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Friday, September 2, 2016
Romanian Hacker “Guccifer” Sentenced To 52 Months In Prison For Computer Hacking Crimes
The U.S. Justice Department released the below information:
Marcel Lehel Lazar, 44, of Arad, Romania, a hacker who used the online moniker “Guccifer,” was sentenced today to 52 months in prison for unauthorized access to a protected computer and aggravated identity theft.
Assistant Attorney General Leslie R. Caldwell of the Justice Department’s Criminal Division, U.S. Attorney Dana J. Boente of the Eastern District of Virginia, Assistant Director in Charge Paul M. Abbate of the FBI’s Washington Field Office, Director Bill A. Miller of the U.S. Department of State’s Diplomatic Security Service (DSS) and Special Agent in Charge Brian J. Ebert of the U.S. Secret Service’s Washington Field Office made the announcement.
Lazar pleaded guilty before U.S. District Judge James C. Cacheris of the Eastern District of Virginia on May 25, 2016.
According to admissions made in connection with his plea agreement, from at least October 2012 to January 2014, Lazar intentionally gained unauthorized access to personal email and social media accounts belonging to approximately 100 Americans, and he did so to unlawfully obtain his victims’ personal information and email correspondence. Lazar’s victims included an immediate family member of two former U.S. presidents, a former member of the U.S. Cabinet, a former member of the U.S. Joint Chiefs of Staff and a former presidential advisor, he admitted. In many instances, Lazar publically released his victims’ private email correspondence, medical and financial information and personal photographs, according to the statement of facts filed with his plea agreement.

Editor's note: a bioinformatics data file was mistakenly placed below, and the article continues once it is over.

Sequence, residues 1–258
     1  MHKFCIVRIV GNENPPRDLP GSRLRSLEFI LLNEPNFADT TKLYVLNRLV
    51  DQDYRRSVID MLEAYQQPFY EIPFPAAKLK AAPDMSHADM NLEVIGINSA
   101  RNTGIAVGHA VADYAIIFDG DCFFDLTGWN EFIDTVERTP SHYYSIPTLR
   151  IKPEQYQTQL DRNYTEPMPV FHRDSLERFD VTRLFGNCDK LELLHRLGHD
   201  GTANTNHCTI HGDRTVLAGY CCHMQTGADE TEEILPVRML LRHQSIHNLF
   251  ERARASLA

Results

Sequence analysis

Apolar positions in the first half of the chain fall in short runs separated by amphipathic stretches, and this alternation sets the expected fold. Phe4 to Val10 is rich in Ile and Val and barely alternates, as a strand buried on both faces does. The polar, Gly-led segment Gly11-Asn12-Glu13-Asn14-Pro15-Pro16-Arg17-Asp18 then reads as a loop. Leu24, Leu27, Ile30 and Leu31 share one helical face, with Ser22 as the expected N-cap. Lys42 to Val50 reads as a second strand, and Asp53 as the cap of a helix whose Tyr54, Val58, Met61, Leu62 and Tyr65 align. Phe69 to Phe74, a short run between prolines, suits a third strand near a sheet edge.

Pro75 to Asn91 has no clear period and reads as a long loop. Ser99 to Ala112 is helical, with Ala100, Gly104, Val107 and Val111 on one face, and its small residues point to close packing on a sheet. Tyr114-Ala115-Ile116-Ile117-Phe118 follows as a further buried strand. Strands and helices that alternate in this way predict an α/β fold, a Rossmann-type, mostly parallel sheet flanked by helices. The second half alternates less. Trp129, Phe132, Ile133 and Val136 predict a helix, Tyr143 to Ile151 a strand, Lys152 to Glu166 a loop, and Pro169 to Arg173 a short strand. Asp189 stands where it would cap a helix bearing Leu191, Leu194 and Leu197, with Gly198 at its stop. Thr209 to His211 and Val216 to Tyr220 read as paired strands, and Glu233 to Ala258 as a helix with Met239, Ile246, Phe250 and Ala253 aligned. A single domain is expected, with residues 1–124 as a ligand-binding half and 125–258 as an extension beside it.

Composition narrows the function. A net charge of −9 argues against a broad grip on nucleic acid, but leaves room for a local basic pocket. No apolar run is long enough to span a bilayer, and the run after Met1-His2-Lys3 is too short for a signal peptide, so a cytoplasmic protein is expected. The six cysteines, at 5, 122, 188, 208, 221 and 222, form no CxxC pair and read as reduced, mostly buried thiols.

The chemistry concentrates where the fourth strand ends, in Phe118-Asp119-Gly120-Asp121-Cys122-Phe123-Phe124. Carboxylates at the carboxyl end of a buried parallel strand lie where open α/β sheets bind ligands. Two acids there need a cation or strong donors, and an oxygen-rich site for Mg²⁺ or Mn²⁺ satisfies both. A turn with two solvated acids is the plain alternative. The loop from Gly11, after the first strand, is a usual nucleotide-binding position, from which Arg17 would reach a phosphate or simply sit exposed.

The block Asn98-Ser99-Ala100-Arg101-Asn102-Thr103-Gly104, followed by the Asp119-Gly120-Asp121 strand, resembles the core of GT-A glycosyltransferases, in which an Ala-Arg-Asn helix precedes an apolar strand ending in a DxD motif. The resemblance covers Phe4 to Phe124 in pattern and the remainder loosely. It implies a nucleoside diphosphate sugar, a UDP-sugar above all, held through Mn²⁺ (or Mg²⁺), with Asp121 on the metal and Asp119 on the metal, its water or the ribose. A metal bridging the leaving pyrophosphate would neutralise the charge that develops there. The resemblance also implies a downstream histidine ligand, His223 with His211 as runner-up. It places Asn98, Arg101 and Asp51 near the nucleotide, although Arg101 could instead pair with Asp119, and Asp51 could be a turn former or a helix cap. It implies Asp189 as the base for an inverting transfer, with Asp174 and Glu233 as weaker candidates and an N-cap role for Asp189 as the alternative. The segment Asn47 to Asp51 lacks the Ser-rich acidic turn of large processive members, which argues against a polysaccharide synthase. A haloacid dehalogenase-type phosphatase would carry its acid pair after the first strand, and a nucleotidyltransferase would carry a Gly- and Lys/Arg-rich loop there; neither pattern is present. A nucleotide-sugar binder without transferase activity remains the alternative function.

The FBI, DSS and the Secret Service investigated the case. Senior Counsel Ryan K. Dickey and Peter V. Roman of the Criminal Division’s Computer Crime and Intellectual Property Section and Assistant U.S. Attorneys Maya D. Song and Jay V. Prabhu of the Eastern District of Virginia are prosecuting the case. The Criminal Division’s Office of International Affairs provided significant assistance. The Justice Department thanks the government of Romania for their assistance in this matter.
Paul Davis is a writer who covers crime. He has written extensively about organized crime, street crime, sex crime, cyber crime, drug crime, white collar crime, crime fiction, crime prevention, espionage and terrorism. His 'On Crime' column appears weekly in the Washington Times. He is also a regular contributor to Counterterrorism magazine. His work has also appeared in the Philadelphia Inquirer, Philadelphia Daily News and other newspapers, magazines and online publications. As a writer, he has attended police academy training, gone out on patrol with police officers, accompanied detectives as they worked cases, accompanied narcotics officers on drug raids, observed criminal court proceedings and visited jails and prisons. He has covered street riots, mob wars and murder investigations. Paul Davis' online "Crime Beat" column offers his Q&As with cops, crooks, crime writers and others. Paul Davis has been a student of crime since he was a 12-year-old aspiring writer growing up in South Philadelphia. He enlisted in the U.S. Navy when he was 17 in 1970 and served on the aircraft carrier USS Kitty Hawk during the Vietnam War. He also served two years on the Navy harbor tugboat USS Saugus at the U.S. nuclear submarine base at Holy Loch, Scotland. Following his Navy service, he performed security work as a Defense Department civilian and he later became a full-time writer. Paul Davis' On Crime and Crime Beat columns, crime fiction and magazine and newspaper pieces can be read on this website. His full bio can be read by clicking on the above photo.